DNS: The sky is falling

In April I speculated about the impending doom of the DNS.

Now we know what was in the works, and yes, it’s not a pretty picture.

My idea from april doesn’t work 1:1, as the attacker doesn’t attack a single target, sondern arbitrary other hostnames in the same domain.

Anyway, I spent the last days analyzing data from .at nameserver regarding patch discipline in Austria. You can read the depressing results here.


From the archives: Some thoughts on RUCUS

On Jan. 30th, 2008, I sent the following to the sipping list. It is a good summary of some of my thoughts on the RUCUS problem statement and on which basic premises need to be sorted out first.


New I-D on ENUM for loose-route SIP

I’ve submitted a new I-D defining an enumservices subtype for loose-route SIP according to J. Rosenberg’s UA loose route (which right now is one of multiple proposals to address one problem).

The basic idea is the following: SIP proxy should distinguish between “retargeting” and “routing”.

  • “retargeting” is done, whenever a proxy decides that this call should be directed towards a new destination. Consequently, the Request-URI changes.
  • “routing” happens, when a proxy forwards the SIP message to the next hop, but does not change the identification of the target.

In the context of ENUM, the destination of the call is identified by a E.164 phone number (whether that number is encoded in the user-part of a sip: URI or a in a tel: URI doesn’t really matter). That number is the key for the ENUM – lookup which returns (in most cases) a SIP-URI.

The current RFCs define this as a retargeting operation: the phone number is mapped to a SIP AoR, and from now on the call is towards that URI and the original phone number is no longer relevant.

If you look at what currently done in private/carrier-ENUM settings, then this is not how ENUM is used: In most cases there, ENUM returns the next-hop for this call towards the phone number. That next hop re-extracts the phone number from the Request-URI and applies his own number/prefix based routing to the call. In other words, this is “routing” operation.

My draft makes this explicit: if the service field in the NAPTR is “sip:lr”, then this records contains a next hop and does not rewrite the destination of the call. Here is the example from the I-D:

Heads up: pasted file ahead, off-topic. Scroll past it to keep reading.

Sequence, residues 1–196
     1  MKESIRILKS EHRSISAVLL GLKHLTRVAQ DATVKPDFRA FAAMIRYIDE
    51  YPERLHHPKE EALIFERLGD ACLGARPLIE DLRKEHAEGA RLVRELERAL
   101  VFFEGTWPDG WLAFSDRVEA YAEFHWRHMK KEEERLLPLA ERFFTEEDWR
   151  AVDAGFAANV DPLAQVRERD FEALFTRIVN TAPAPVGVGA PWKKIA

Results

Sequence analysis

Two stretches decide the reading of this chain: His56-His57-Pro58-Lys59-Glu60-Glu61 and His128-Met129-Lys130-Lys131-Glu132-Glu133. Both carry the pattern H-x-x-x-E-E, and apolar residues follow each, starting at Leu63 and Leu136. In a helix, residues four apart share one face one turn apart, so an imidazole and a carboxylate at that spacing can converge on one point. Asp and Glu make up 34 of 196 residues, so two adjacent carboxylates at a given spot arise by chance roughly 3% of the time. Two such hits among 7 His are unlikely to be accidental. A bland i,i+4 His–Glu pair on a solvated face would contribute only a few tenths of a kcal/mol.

To visualize the difference between how "sip" and "sip:lf" entries
   are interpreted, consider the following entries:

             @  IN NAPTR  ( 100 10 "u"
                            "!^.*$!!" .
             @  IN NAPTR  ( 100 10 "u"
                            "!^.*$!;lr!" .

   A SIP proxy dealing with a call to tel:+441154960496 can select
   either record.  The first leads to

           INVITE SIP/2.0

   being sent to the proxy responsible for  If the sip:lr
   record is used, then

           INVITE tel:+441154960496 SIP/2.0
           Route: <;lr>

   is sent to

DNS: What to do if the sky is falling?

Having been treated to another iteration of “we need to deploy DNSSEC, otherwise DNS will fall apart due to rampant forgeries” talk recently, I started to think what other options resolvers have to protect themselves. See also bert’s draft.

First of all, is it possible to implement a successful forgery attack without the client noticing that anything is wrong? IMHO not. Most scenarios assume that the attacker sends a burst of forged replies to the recursor in the hope of hitting the right query-ID before the real answer arrives. So, even with a successful attack a lot of answers with mis-matched ID will arrive (and be rejected) before the forgery actually succeeds.

This spike in ID mismatches towards a query should tell the recursor that something fishy is going on. TODO: Instrument bind/powerdns/… to actually log such ID mismatches.